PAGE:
Dentists recommend brushing your teeth twice a day for two minutes each session. This amounts to four minutes of nothing other than standing in front of a mirror and staring at ourselves. The Toothbrush Challenge makes use of this time to do a very basic strength and balance exercise that can help restore a senior’s stability fairly quickly.

While brushing your teeth, set a timer for one minute. During that minute stand only on one leg, with the knee slightly flexed (DO NOT LOCK OUT THE KNEE), and hold that position. Be sure to perform this exercise in a place where you can catch yourself in case you lose your balance. Once the first minute is up, set the timer again and repeat the exercise with the other leg.

The first few times you perform this exercise, you probably won’t last the entire minute. What’s important is that you try to keep balancing until the end of the minute. If your other foot touches the ground, reset and keep holding. Do this exercise every time you brush your teeth. After the first week, you should feel a marked improvement in your ability to balance and hold yourself on one leg. After one month, your legs will be far stronger and stable, and from there you can attempt other exercises at a gym.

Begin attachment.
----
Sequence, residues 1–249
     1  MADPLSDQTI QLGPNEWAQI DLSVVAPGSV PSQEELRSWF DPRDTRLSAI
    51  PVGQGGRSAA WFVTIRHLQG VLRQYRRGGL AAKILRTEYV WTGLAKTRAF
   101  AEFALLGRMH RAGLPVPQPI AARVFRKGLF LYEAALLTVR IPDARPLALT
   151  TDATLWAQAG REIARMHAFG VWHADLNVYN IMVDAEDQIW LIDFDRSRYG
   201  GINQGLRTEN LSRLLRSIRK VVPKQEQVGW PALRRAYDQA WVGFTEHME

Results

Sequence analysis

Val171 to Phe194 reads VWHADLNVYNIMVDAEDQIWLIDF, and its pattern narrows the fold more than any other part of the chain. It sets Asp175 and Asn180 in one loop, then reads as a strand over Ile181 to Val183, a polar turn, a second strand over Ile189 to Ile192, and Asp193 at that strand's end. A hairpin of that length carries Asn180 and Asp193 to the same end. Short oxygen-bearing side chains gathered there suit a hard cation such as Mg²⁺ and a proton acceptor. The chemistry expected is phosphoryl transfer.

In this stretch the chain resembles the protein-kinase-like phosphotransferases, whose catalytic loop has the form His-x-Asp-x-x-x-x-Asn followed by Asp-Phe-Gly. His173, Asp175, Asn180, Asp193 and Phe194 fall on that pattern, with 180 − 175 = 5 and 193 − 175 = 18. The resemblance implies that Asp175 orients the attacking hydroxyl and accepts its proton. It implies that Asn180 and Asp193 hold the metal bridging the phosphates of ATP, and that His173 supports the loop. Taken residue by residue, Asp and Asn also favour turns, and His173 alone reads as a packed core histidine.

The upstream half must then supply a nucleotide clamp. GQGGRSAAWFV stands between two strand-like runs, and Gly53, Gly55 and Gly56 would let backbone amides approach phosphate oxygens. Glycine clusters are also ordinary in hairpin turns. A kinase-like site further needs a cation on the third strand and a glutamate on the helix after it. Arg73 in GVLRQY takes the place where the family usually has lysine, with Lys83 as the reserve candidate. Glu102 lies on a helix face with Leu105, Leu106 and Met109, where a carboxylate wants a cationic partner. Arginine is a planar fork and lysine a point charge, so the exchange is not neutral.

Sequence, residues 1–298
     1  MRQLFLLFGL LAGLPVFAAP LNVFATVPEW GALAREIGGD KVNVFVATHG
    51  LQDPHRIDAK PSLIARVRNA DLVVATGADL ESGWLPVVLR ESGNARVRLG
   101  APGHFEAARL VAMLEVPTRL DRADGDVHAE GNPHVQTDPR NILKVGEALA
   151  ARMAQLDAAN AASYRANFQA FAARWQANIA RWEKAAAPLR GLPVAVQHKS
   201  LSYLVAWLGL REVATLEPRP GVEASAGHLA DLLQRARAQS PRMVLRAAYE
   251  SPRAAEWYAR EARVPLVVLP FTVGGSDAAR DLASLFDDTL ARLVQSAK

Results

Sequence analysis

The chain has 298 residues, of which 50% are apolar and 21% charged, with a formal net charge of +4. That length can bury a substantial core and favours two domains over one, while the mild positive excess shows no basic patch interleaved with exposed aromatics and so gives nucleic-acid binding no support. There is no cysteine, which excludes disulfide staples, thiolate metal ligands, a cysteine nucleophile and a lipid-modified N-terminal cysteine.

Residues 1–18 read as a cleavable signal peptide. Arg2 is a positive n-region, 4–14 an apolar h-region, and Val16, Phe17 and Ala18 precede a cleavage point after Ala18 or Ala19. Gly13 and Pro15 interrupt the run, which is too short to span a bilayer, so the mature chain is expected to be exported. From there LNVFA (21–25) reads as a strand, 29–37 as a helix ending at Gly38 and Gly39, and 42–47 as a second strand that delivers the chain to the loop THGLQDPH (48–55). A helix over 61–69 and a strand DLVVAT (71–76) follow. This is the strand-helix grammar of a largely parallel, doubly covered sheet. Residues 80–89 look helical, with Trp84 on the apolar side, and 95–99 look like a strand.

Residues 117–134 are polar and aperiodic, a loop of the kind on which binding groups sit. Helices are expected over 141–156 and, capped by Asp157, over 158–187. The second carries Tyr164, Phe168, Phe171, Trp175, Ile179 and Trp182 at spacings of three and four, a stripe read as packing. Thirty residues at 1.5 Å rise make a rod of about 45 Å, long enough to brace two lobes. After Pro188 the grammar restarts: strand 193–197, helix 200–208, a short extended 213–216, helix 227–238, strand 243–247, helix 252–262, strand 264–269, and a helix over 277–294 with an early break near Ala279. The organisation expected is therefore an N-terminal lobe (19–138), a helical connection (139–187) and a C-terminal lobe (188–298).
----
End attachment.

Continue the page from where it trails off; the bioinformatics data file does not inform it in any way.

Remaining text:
The Textbook Toss-up

Shoulder injuries are a common complaint among seniors. The slightest tweak from overreaching for something in the back of the cupboard, or even from sleeping in an awkward position, can drastically hinder your quality of life. Weak shoulders are also prone to injury when exercising at a gym, so it’s a good idea to strengthen those muscles in a low-risk manner. The Text Book Toss-up is a great way to accomplish this.

Set a timer for one minute. Using a book about the size of a standard bible, grasp the sides firmly with both hands and extend your arms straight out ahead of you. Without bending your elbows, slowly lift the book above your head until you reach 90 degrees, then return to the starting position. Once returned to the starting position, bend your elbows and slowly bring the book to your chest. From there, extend back out to the starting position. Without dropping the book, repeat these two movements in sequence until the timer runs out.